As the Pegasus-WhatsApp issue was taken up by the Rajya Sabha for discussion on November 28, the Minister of Electronics and Information Technology, Ravi Shankar Prasad, gave more details about the communication between MeitY and WhatsApp. Even though some of these details had been given in a written answer in the Lok Sabha on November 20, the italicised details were shared by Prasad during the debate only yesterday.

  • May 14: Common Vulnerabilities and Exposures (CVE) Database in USA published a vulnerability note based on WhatsApp reporting to CVE
  • May 17: CERT-In published a vulnerability note (CIVN-2019-0080) regarding buffer overflow vulnerability in WhatsApp based on its vulnerability tracking process.
  • May 20: WhatsApp reported an incident to CERT-In, wherein it mentioned that WhatsApp identified and promptly fixed a vulnerability that could enable an attacker to insert and execute code on mobile devices and that the vulnerability can no longer be exploited to carry out attack. “As CERT-In had already issued the vulnerability note, no further action was deemed warranted,” Prasad said.
  • July 26: WhatsApp CEO Will Cathcart met MeitY, no mention of the vulnerability
  • September 5: WhatsApp updated CERT-In, informing them that “it is likely that devices of approximately one hundred and twenty one users in India may have been attempted to be reached” via the May 2019 security incident. Also told CERT-In that “the full extent of this attack may never be known”.
  • September 11: Facebook VP for Global Affairs and Communications, Nick Clegg, wrongly identified as VP of WhatsApp by Prasad, met MeitY; no mention of the vulnerability (this meeting, as per media reports, took place on September 12.)
  • October 29: WhatsApp files lawsuit against NSO Group in California
  • October 31: Media reports reveal that about two dozen Indians targeted by Pegasus using WhatsApp vulnerability
  • November 1: MeitY sent an email to WhatsApp, seeking a reply by November 4
  • November 2: WhatsApp sent MeitY an email giving details of the vulnerability and its exploitation by Pegasus, developed by the NSO Group; said that they had told CERT-In about this on May 20, 2019, after it was detected and fixed in mid-May 2019
  • November 9: On the basis of media reports, CERT-In sought information from WhatsApp, including a need to conduct an audit and inspection of WhatsApp’s security systems and processes
  • November 18: WhatsApp submits its response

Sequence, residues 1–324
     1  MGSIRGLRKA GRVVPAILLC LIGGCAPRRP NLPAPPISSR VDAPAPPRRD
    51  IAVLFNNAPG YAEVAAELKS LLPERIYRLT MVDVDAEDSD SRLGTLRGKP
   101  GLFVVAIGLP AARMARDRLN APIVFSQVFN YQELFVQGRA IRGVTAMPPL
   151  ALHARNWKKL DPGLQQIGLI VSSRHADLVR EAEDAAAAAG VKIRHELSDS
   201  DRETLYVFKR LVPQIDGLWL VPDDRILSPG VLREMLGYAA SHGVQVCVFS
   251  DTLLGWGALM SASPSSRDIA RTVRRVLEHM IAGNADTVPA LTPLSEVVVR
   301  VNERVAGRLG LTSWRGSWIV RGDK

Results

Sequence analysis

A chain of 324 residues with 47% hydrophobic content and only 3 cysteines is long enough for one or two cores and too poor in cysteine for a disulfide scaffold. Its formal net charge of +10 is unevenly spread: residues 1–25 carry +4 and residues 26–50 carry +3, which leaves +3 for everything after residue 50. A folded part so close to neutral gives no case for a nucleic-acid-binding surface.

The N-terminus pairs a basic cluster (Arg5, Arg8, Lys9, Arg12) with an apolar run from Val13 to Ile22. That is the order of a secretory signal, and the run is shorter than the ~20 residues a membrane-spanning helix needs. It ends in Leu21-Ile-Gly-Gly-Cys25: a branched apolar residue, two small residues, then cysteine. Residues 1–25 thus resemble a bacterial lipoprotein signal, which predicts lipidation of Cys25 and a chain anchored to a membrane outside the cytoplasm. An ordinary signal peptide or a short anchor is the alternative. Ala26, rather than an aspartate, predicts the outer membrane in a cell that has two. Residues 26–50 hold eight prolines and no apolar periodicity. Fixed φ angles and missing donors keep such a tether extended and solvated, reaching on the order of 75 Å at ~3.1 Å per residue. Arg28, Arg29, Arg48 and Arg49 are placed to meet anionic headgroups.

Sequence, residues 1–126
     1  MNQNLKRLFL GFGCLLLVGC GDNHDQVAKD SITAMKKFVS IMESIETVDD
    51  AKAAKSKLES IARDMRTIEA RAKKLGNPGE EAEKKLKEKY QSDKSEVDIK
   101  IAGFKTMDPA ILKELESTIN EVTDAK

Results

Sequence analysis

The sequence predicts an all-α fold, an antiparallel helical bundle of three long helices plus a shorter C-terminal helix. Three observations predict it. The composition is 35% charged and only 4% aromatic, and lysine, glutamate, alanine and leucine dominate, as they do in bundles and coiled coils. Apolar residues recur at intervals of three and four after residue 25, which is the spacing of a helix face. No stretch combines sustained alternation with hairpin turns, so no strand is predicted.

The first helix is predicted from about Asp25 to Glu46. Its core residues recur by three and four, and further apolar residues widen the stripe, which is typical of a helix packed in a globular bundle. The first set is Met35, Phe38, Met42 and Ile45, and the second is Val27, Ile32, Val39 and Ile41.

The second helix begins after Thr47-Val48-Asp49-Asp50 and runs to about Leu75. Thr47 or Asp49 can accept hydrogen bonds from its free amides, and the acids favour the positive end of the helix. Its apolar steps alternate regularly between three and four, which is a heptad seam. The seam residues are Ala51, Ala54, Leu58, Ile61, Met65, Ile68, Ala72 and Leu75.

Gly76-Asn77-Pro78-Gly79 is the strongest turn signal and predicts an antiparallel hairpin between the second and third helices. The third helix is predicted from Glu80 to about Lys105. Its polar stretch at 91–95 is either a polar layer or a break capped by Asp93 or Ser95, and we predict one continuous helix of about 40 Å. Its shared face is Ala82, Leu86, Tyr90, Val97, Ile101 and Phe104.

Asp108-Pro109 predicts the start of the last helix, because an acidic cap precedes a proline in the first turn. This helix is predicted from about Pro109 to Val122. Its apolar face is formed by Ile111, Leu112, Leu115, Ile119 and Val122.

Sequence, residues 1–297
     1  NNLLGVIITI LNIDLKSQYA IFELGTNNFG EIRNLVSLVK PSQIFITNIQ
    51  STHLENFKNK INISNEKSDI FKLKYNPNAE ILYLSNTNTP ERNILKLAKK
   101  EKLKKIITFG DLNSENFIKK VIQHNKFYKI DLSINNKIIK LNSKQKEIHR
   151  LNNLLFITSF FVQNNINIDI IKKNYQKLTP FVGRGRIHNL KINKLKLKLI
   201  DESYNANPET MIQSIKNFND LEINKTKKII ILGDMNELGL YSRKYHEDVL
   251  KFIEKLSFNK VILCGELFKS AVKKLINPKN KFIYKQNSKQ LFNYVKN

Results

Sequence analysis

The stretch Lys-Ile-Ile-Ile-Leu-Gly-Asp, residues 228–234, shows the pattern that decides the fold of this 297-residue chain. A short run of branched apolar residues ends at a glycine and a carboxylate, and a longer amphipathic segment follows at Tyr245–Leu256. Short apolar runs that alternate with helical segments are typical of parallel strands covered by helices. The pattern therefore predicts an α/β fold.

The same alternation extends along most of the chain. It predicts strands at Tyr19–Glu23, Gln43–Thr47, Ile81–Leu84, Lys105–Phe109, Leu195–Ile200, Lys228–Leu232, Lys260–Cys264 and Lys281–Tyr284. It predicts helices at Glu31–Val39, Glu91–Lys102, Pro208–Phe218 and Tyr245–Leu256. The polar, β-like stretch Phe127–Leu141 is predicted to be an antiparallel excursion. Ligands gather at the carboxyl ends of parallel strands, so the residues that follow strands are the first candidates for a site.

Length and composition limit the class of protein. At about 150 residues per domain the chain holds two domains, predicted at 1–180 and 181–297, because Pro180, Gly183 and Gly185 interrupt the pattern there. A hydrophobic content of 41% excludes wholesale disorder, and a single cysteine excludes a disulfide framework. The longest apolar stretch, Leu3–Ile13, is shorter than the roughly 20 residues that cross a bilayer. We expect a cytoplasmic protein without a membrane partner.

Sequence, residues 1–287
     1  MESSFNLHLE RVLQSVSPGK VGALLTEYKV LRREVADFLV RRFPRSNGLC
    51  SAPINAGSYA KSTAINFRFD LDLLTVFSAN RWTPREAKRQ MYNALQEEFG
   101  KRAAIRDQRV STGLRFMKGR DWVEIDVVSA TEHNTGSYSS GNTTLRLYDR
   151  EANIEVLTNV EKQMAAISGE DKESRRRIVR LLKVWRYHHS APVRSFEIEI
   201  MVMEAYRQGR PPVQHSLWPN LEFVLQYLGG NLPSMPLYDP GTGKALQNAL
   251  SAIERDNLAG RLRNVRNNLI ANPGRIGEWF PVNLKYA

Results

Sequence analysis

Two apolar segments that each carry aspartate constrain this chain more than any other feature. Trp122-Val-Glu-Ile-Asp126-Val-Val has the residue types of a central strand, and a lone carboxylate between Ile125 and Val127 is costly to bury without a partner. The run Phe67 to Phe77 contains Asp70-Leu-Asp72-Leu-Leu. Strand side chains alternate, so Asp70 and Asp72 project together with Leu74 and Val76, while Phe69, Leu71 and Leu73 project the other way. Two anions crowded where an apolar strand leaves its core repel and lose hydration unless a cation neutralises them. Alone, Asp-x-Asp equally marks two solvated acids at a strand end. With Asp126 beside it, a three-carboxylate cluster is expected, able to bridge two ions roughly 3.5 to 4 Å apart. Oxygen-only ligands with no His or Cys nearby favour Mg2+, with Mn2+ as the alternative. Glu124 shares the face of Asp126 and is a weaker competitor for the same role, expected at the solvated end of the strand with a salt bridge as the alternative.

• November 20: WhatsApp said that it regretted that it did not meet “the government’s expectations on proactive engagement in this sensitive issue related to user privacy and security”
  • November 26: CERT-In asks for further clarifications and technical details; sends notice to NSO Group, seeking details of the malware and its impact on Indian users

Read more: Prasad brings Pegasus’s flight in Parliament to a grinding halt, denies ‘unlawful interception’


Unanswered questions

  • Belated action by MeitY: If MeitY, via CERT-In, had been informed by WhatsApp of the extent of the breach on September 5, why did it sit on the information for 2 months and then act ignorant about the extent of the breach? Is there no communication between different bodies of the ministry? Prasad’s statement on October 31 also suggested that he had no idea of what was going on.
  • MeitY didn’t bring up the issue with Clegg either: If MeitY treats Clegg, by virtue of being the VP of Facebook, responsible for WhatsApp too, why didn’t it raise this question during its meeting with him, which took a mere 6 days after WhatsApp had informed CERT-In that 121 citizens had been affected by the breach? Why did the government of India, which is responsible for and accountable to its citizens for protecting their rights, not bring up this issue and instead relied on a private American company to do so, that too on behalf of a subsidiary?
  • Late notice to NSO Group: Why did it take the Ministry almost three months to send a notice to the NSO Group even though media reports in May had said that NSO was behind the spyware, and WhatsApp’s lawsuit, filed on October 29 held the company responsible? This is even though MeitY had asked WhatsApp for answers in May itself. Putting media reports from May, WhatsApp’s communication to CERT-In on September 5, and its lawsuit against NSO on October 29 together, the November 26 notice to the Israeli group is a belated action, to say the least.
  • Reach out to Israeli government: Given that Pegasus’s sale is regulated by Israel’s Defence Export Controls Agency (DECA), part of the Israeli MOD, “under the same type of licensing requirements and export restrictions applicable to military weapons and national security systems” (revealed in Amnesty International’s lawsuit against NSO Group), why hasn’t this issue been escalated by MeitY to involve MEA, and answers from the Israeli government sought?

Read our extensive coverage on the WhatsApp-Pegasus-NSO row here.